Alas, the news story does not tell us the source of the councillor’s certainty.

The article also says that

[…] the force of this water meant it was not possible to open the lock gates by hand.

That is, I think, misleading: neither set of gates has gate beams, so they are not opened by hand.

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The upper gates in 2004, shortly after installation. Note the absence of gate beams. Note also the two sluices or paddles on each gate

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Control pedestal and gear

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The upper gates open today

I see no sign of the paddles or sluices. Perhaps the level is so high that they’re underwater. I must try to check next time I’m at the canal harbour.

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The upper gates in the floods of 2009

In the floods of 2009 the upper gates were held slightly open and all four sluices were discharging water. That would have lowered the level in the canal; it would also, I think, have made it easier to open the gates fully.

I am guessing, but I imagine that on Saturday night some sort of hydraulic machine was brought in this way …

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Two bollards have been moved from the gateway and stacked beside it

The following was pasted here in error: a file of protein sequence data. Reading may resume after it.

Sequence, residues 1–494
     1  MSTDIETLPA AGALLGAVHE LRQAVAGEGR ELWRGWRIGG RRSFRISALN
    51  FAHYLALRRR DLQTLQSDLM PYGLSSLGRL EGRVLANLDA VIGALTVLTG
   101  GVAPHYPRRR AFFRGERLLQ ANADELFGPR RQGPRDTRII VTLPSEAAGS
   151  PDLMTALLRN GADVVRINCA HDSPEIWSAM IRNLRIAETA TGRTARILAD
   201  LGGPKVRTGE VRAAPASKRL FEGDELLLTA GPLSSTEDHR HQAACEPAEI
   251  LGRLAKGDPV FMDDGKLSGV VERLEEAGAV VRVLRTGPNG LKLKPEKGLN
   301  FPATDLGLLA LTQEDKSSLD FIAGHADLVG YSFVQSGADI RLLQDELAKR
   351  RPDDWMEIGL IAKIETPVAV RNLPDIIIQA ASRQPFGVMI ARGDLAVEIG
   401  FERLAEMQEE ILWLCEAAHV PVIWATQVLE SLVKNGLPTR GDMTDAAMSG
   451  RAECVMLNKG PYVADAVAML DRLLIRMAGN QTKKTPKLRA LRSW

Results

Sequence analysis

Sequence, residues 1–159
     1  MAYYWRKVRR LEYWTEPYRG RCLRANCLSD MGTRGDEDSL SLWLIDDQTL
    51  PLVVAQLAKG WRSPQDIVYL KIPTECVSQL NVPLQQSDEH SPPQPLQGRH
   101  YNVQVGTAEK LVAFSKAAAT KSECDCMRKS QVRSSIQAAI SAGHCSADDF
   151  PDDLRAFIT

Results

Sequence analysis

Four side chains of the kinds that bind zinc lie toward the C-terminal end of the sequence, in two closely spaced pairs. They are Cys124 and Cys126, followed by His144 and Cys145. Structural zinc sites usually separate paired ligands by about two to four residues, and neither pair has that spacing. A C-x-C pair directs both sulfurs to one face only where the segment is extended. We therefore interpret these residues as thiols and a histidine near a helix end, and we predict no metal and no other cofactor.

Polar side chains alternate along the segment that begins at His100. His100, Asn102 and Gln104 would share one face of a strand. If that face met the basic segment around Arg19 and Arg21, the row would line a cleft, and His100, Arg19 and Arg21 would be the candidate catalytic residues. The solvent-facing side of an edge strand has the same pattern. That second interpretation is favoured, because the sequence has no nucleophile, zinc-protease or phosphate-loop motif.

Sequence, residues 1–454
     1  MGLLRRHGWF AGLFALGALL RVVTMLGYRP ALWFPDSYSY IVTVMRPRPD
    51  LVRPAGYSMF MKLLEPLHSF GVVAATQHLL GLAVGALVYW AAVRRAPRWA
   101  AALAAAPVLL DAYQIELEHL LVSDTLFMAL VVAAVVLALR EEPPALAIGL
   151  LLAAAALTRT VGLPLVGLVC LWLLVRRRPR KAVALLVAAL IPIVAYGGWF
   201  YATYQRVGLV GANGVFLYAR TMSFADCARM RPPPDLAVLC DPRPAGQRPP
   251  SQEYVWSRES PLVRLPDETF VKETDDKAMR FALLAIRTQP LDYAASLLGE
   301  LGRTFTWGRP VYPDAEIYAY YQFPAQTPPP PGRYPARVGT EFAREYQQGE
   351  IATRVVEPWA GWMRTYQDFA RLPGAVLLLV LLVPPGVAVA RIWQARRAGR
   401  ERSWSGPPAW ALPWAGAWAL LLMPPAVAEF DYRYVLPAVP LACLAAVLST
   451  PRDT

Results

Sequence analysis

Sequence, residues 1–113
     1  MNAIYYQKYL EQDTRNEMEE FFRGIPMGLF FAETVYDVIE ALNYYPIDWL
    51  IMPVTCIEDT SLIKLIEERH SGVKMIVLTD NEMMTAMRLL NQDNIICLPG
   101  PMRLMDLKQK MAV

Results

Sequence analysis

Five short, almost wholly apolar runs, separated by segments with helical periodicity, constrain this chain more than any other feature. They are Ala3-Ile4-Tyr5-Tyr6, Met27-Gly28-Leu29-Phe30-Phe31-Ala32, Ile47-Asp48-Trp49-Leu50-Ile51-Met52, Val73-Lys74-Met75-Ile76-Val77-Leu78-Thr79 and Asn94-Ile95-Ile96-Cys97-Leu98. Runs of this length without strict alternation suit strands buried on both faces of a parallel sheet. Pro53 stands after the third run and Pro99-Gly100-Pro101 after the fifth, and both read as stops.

… and used to push or pull open the near-side upper gate. There seems to be some slight damage to the stone and iron work.

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Slight damage

One other possibility that struck me is that silt from the Mulkear might have built up behind the gates, making them difficult to open, but I have no evidence on the matter.

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The lower gates

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From the outside looking in


Outbreak of sanity in Co Westmeath

Our big thing is to link the Galway Dublin cycleway into Kilbeggan and along the stretch of the old canal to Ballycommon. That’s around a million euro project and the biggest thing in our Vision for Kilbeggan plan.

Thus Dan Scally of Renew Kilbeggan in the Westmeath Examiner.

The Broadstone in 1821

The Broadstone Harbour with King’s Inns in the background, early 1820s

This is a drawing by George Petrie, made for J. J. McGregor’s New Picture of Dublin of 1821. The details of the vessels are interesting. More on the Broadstone here.


This Irish Times article might explain why Dublin City Council did not respond to my communication about the condition of the curved building at Grand Canal Harbour.